A judge is automatically assigned to a case in Family Court, and no additional paperwork needs to be filed to place a case on the trial calendar.

Evidence

Supreme Court

Normal rules of evidence apply.

Family Court

There are statutory exceptions to the normal rules of evidence.

Names

Supreme Court

A case in Supreme Court is called an action. The parties to the action are the plaintiff and the defendant. The plaintiff's pleading consists of a complaint. Most complaints need not be verified. (Matrimonial actions are an exception to this rule. Pleadings must be verified in a matrimonial action.)

Family Court

A case in Family court is called a proceeding. The parties to the action are the petitioner and the respondent. The plaintiff's pleading is a verified petition. A trial in Family Court is called a hearing. Many proceedings have two hearings, a fact finding hearing, and a dispositional hearing. Different rules of evidence applies these hearings.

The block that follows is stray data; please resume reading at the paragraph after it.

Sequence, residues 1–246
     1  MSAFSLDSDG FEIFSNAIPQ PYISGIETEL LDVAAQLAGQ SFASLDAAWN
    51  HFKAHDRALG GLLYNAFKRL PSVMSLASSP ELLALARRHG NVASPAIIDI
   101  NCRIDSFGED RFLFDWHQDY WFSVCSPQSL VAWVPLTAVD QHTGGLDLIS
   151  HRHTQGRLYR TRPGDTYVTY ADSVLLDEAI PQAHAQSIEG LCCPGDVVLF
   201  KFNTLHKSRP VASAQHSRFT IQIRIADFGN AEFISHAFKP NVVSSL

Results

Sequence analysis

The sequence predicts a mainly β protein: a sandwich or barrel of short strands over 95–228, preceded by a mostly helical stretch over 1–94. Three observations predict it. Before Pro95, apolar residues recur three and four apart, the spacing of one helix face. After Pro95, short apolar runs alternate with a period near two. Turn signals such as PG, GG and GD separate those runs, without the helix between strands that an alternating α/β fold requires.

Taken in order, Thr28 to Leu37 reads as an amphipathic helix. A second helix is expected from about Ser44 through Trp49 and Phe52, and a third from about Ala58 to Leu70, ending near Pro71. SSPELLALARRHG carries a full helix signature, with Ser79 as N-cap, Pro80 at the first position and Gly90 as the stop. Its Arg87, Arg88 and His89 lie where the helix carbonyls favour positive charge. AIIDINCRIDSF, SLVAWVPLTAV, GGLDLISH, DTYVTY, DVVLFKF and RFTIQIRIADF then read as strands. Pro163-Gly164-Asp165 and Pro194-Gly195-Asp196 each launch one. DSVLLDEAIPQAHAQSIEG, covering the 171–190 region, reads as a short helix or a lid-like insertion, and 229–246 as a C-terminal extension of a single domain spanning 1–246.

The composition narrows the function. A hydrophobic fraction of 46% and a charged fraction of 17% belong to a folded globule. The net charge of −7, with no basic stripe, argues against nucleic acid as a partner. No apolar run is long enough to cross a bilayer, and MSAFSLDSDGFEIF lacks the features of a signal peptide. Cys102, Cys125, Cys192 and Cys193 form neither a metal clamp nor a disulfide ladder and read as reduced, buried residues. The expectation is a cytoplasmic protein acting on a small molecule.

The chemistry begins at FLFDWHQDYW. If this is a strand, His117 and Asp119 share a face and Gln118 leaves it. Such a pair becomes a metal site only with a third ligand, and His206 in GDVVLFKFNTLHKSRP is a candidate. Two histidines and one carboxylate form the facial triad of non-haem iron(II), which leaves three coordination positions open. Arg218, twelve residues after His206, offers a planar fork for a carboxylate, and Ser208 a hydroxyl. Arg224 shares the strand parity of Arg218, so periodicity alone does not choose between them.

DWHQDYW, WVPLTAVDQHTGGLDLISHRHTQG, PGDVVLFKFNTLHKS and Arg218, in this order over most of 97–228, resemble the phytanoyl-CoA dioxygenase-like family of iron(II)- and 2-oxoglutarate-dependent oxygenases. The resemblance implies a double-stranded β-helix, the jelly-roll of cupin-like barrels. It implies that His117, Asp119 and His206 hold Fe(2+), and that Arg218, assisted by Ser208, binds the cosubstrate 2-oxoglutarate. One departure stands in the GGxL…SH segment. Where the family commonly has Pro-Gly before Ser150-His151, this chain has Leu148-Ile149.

Attorney Fees and Assigned Counsel

Supreme Court

There is no right to have assigned counsel in a Supreme Court case. For matrimonial and support cases, it is possible to have the court make an award of counsel fees which requires the spouse with more money or assets pay the counsel fees for the other spouse.

Family Court

A family court judge has the authority to assign an attorney to indigent people for many (but not all) family court proceedings. The Family Court also has the authority in some instances to award counsel fees.